A Talk in Dean Pelton’s Office

Actor and Screenwriter Jim Rash is at Home on NBC’s “Community”


Rash as Dean Pelton on NBC’s “Community,” which airs Thursdays at 8 p.m. ET. (Courtesy of Sony Pictures Television/Lewis Jacob)

Published: April 13, 2011

Since it premiered two years ago, NBC’s “Community” has been a highlight of the network’s Thursday night comedy lineup. Jim Rash, who plays the hilarious Dean Pelton, has been a star in his supporting role since the show began.

“Community” is centered on an unlikely bunch of study group friends at Greendale Community College and follows their lives in and out of class. The dean fruitlessly attempts to connect with the study group, led by Joel McHale as Jeff Winger, and tries to create a safe and politically correct campus (cue Dean Pelton’s introduction of the PC Greendale mascot, the Human Being). The Observer recently spoke with Rash about his oddball character, as well as some upcoming writing projects outside “Community.”

The Observer: Your character, Dean Pelton, is a very strange guy. What’s it like playing such a weird character?

Jim Rash: Well, it’s a lot of fun and I enjoy it thoroughly. I enjoy the creepiness; I enjoy the weirdness. It’s been a blast, especially as they have embraced dressing the dean up in various costumes. I enjoy that even more, just to give more questions and weirdness to his extracurricular activities. So I can’t complain.

Observer: Do you find it hard to get into the character?

JR: I think now that we’re two seasons in, you get to a place where you know these people as they evolve from the pilot, as the dean certainly has. Writers on most shows start to hone the voice of the characters based on the actors and their mannerisms. In that sense you definitely become more comfortable because they’re writing to your strengths.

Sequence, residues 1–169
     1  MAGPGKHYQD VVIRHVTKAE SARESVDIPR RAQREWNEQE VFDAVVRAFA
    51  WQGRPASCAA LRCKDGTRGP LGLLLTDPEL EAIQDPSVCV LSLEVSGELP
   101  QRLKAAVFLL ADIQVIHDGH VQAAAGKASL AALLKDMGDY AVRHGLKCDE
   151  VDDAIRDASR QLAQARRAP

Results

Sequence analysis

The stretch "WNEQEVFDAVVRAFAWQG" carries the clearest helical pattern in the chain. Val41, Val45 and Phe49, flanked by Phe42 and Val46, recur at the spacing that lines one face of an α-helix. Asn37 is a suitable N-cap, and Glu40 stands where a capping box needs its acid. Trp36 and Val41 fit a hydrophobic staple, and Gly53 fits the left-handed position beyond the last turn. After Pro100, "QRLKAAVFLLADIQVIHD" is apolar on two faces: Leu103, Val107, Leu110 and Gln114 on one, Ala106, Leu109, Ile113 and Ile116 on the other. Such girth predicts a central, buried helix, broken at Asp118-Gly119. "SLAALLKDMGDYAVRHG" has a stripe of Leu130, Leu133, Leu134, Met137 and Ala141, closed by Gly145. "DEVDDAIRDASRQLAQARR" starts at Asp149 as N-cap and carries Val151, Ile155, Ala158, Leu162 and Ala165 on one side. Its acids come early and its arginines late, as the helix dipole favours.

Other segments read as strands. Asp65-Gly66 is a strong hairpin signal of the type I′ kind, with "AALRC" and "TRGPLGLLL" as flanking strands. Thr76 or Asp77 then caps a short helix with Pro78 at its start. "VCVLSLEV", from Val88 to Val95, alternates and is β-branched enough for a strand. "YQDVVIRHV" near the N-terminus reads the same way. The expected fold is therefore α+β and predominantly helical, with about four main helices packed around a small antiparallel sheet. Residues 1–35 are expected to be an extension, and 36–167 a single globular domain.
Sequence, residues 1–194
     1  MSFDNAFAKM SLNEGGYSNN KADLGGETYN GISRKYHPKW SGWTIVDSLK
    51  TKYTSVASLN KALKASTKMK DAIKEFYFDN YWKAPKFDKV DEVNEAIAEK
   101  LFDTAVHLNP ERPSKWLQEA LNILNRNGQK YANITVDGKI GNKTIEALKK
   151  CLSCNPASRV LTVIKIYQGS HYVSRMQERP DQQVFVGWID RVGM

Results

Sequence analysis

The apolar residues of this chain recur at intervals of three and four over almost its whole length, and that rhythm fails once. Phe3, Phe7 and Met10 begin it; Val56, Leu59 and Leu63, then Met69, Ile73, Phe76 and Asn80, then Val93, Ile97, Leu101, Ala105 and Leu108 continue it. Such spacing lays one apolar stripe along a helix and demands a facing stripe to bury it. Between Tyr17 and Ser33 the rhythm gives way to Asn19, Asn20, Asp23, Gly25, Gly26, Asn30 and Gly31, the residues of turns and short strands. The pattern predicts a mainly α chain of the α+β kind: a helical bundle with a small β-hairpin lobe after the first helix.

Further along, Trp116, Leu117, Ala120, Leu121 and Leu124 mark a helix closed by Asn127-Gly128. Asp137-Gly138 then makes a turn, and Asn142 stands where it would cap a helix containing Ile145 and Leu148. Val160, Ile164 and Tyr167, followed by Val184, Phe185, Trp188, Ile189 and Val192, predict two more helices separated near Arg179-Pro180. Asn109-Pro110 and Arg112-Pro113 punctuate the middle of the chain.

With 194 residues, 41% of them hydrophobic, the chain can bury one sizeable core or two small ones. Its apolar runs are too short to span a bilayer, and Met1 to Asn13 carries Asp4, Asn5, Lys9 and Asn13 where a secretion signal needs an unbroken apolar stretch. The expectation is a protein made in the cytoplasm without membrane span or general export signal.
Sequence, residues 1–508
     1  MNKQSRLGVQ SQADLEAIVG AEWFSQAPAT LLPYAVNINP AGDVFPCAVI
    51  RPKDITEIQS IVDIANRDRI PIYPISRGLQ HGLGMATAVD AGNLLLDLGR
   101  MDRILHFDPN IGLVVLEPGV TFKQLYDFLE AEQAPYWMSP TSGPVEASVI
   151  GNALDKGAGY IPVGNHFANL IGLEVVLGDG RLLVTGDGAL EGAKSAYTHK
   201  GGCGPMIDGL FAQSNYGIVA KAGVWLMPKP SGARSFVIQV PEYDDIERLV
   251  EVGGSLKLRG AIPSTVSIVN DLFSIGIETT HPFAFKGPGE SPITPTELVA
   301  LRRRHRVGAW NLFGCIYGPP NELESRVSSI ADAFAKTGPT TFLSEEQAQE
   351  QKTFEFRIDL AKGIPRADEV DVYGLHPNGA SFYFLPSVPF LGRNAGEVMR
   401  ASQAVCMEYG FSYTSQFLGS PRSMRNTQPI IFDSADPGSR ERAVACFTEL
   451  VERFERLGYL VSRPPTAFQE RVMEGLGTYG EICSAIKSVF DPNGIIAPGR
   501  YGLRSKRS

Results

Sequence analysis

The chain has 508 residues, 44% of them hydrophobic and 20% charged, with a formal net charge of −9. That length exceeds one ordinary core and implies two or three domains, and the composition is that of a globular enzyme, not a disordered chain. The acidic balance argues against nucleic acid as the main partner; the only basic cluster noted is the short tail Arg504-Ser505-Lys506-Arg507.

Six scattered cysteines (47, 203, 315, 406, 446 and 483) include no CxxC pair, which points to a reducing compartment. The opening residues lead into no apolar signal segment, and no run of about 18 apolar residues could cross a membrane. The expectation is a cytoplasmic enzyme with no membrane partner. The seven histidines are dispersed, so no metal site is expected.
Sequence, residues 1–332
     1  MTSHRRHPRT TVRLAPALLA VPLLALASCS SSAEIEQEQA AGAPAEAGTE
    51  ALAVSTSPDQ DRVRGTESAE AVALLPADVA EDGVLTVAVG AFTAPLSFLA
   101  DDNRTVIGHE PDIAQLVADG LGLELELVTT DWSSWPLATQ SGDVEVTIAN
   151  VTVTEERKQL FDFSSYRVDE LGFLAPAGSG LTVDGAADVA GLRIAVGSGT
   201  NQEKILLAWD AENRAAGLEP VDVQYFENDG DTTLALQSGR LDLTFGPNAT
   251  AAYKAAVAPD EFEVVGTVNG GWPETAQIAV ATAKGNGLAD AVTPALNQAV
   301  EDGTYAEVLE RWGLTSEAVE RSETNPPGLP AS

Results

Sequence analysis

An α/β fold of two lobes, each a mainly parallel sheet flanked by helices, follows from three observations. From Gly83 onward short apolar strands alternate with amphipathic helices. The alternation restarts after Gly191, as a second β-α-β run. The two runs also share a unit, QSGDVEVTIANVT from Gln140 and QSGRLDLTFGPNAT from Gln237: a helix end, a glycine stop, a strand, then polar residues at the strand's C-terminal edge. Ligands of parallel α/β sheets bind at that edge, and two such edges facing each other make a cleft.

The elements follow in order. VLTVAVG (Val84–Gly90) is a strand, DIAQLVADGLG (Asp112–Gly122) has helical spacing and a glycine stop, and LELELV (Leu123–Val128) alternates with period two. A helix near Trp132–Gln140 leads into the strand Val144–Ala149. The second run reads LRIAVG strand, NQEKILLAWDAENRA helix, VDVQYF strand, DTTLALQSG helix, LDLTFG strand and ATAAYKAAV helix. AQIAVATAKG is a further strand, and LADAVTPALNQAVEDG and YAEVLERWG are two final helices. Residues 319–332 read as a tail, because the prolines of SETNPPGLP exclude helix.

Observer: The dean is so strange it makes me want to know what he’s like outside of the college. I feel like he lives with dozens of cats or something crazy like that. How would you describe where he lives?

JR: First of all, I hope we find out someday. I think it might be a little shady, honestly. It might be a little voyeuristic. I have some image that this guy has got himself a nice little sex den going or something. I think he has a lot of interesting extracurricular activities that would feed into whatever his apartment looks like. So I would imagine it’s nothing spectacular as far as size, but I think that it might even be a little dirty. I don’t mean dirty as in cleanliness; I mean dirty as in sex. And there might be some cats in there. I’m sure there are some cats mixed in.

Observer: What has been your favorite moment on the set of “Community?”

JR: Pretty much everything that happened during this season’s Halloween zombie episode was some of my favorite time spent on the set, not just for what I was doing dressed as Lady Gaga, but just the action and shooting in general. It’s such a blast. You feel like your shooting this action/horror movie, but you realize that you’re shooting “Community.” I think that’s the thing I enjoy the most— those moments when there’s sort of a genre-bending episode where we’re taken out of what feels like the show “Community,” but yet it stays true to the character.

Observer: You also wrote the screenplay for the movie “The Descendants,” which is coming out this year. Could you explain how that project came about?

JR: I have a writing partner [Nat Faxon] and we, along with Alexander Payne, who subsequently directed the film, adapted a novel called “The Descendants.” It stars George Clooney and comes out later this year…I had been writing for quite some time; it’s just always been something that I’ve found interesting. I met [Faxon] through the Groundlings Theater, which I’ve been a member of for 11 years. We just started writing in the summer when we weren’t acting, and we ended up writing a movie that got us some attention, just a screenplay that hasn’t been produced yet, but that got us in the door.

Observer: Which do you find to be more your cup of tea: being in front of the camera or writing?

JR: It’s tough because I enjoy them both for what they do. It’s almost slightly different parts of your mind you’re using. I, of course, love being in front of the camera and I love to feel that limelight, but I also enjoy the solitude of writing. I would love one day for writing and acting to converge and do one piece whether it be a movie or TV show. But I enjoy both creative processes that they offer.

Observer: Do you have any plans to continue writing for other projects in the future?

JR: Yeah, we’ve written this screenplay and it’s a small movie, so we are trying to get it made down the road, like everyone else who has written a small independent movie. That would be a dream come true. Right now we are writing a pilot for HBO. The writing process will probably take a few summers, but I like to stay busy so I will definitely continue to write.